CIOLKOWSKA - Psychedelia

Ciolkowska - Psychedelia

7 songs
33:02 minutes
***** ***


Prologue: Usually prologues are something you find in novels, but in the case of Ciolkowska’s new album Psychedelia, I reserve the right to write something before the actual review. I received this promo in April 2019, wrote a review, and was asked to wait to publish it until Autumn when the album was supposed to be released. And it wasn’t released, so the review kept sitting in my cloud drive, waiting and waiting and waiting, until now that it finally saw the light of day. I haven’t changed the words, but want you to know that what you are about to read has been written over a year ago. So the review should start with "Two Years after...", but it doesn’t. But enough of the for now, do read for yourself.

One year after their last album Avtomat Proshlogo, Saint Petersburg space rock quartet Ciolkowska is back with their already eighth record Psychedelia. If I enjoyed last time the band’s unpredictable nature at how they combined their space rock with the most different genres, I was surprised to see the Russians adopt a more restrained mode on the new album. The album’s seven songs only make it a little over half an hour, which is the only drawback here, as Ciolkowska’s new orientation makes them highly listening and leaving the listener wanting for more.

The album begins with Kley (Glue), a song released as a video clip already in March, and feels on the surface actually more like a post rock song than a space rock freakout. The band is acting more delicately. Gone are the outbursts of yesteryear. Unlike many space or psychedelic rock bands that like to use bubbling synthesizers, Ciolkowska have in their line-up a ukulele player who uses a lot of effects that give this tiny instrument more depth than you could ever imagine. Although the band also used vocals in the past, they have become more prominent on the new album, giving the songs overall a more accessible nature. The following Kovrizhki (Gingerbread) is a more upbeat track with a more experimental ending. Maxavişnu (Wastewater) turns into some kind of progressive kraut rock, with the guitar reminding me somewhat of early Amon Düül II. Maybe it’s also the ukulele and the Russian lyrics that add this Eastern touch that the German kraut rock pioneers also sometimes used. Angelina is at seven and a half minutes a longer track, starting out quietly before a straight beat and a groovy bass line join in, making this melancholic song somehow danceable. Tapki (Parts 1 and 2) (Sneakers Parts 1 and 2) are two tracks that form an eight minute long behemoth beginning with the two minute short mellow intro, before the longer second part conjures a wonderful mix of space, psychedelic, post and progressive rock that seems to have become this band’s signature sound. The album ends with the title track, which might also become a possible candidate for a video clip, because never before have Ciolkowska sounder catchier than on this singalong psyche rock anthem!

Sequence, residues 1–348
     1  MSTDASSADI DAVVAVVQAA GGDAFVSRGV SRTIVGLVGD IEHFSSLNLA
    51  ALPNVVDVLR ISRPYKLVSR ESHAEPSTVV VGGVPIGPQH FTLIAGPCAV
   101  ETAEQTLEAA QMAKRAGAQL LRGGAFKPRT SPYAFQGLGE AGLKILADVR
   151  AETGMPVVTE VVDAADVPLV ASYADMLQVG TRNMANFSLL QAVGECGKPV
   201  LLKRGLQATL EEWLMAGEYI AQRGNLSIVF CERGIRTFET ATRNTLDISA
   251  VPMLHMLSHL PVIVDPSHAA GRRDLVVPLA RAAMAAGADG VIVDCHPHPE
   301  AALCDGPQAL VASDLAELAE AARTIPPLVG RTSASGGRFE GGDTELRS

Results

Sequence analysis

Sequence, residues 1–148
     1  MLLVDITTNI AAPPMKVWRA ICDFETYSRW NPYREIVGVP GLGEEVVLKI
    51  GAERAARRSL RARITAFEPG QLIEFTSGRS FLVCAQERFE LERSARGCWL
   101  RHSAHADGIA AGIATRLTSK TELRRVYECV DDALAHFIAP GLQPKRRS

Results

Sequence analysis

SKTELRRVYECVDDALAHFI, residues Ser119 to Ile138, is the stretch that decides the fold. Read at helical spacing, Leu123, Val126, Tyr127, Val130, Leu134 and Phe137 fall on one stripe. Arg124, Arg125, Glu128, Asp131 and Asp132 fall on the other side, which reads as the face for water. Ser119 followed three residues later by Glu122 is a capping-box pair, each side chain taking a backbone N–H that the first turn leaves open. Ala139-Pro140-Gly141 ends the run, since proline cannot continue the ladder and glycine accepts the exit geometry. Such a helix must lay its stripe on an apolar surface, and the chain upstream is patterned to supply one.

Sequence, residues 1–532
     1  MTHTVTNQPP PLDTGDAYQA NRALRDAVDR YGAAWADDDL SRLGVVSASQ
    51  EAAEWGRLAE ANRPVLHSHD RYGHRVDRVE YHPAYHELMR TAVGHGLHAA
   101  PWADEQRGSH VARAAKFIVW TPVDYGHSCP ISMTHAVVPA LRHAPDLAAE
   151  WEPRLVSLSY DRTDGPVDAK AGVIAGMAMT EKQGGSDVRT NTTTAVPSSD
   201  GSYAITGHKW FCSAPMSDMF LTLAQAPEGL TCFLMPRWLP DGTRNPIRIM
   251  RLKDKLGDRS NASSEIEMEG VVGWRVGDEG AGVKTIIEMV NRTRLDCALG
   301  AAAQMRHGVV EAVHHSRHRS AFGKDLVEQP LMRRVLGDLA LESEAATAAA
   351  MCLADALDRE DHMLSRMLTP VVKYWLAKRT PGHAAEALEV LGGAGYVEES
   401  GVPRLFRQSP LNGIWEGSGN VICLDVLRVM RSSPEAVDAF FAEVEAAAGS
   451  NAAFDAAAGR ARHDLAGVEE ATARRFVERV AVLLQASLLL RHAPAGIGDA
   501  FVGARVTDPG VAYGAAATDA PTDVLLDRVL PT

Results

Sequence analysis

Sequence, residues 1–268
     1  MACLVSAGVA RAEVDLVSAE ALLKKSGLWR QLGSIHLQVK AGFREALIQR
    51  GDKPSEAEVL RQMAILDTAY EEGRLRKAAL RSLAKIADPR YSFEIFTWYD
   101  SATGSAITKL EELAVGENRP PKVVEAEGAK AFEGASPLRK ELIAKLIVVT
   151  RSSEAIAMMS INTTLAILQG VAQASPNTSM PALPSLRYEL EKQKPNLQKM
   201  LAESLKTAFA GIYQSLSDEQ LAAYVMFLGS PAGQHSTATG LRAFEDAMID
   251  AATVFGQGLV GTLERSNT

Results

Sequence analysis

The quartet’s previous album was quite pleasant, but Psychedelia takes them to whole new levels. It’s a shame that the album ends already after thirty-three minutes, because the four musicians from Saint Petersburg have finally managed to give their progressive psychedelic space rock hybrid a sound that makes them far more approachable without having given up their identity. This was unexpected, but in a good way.

Back to Reviews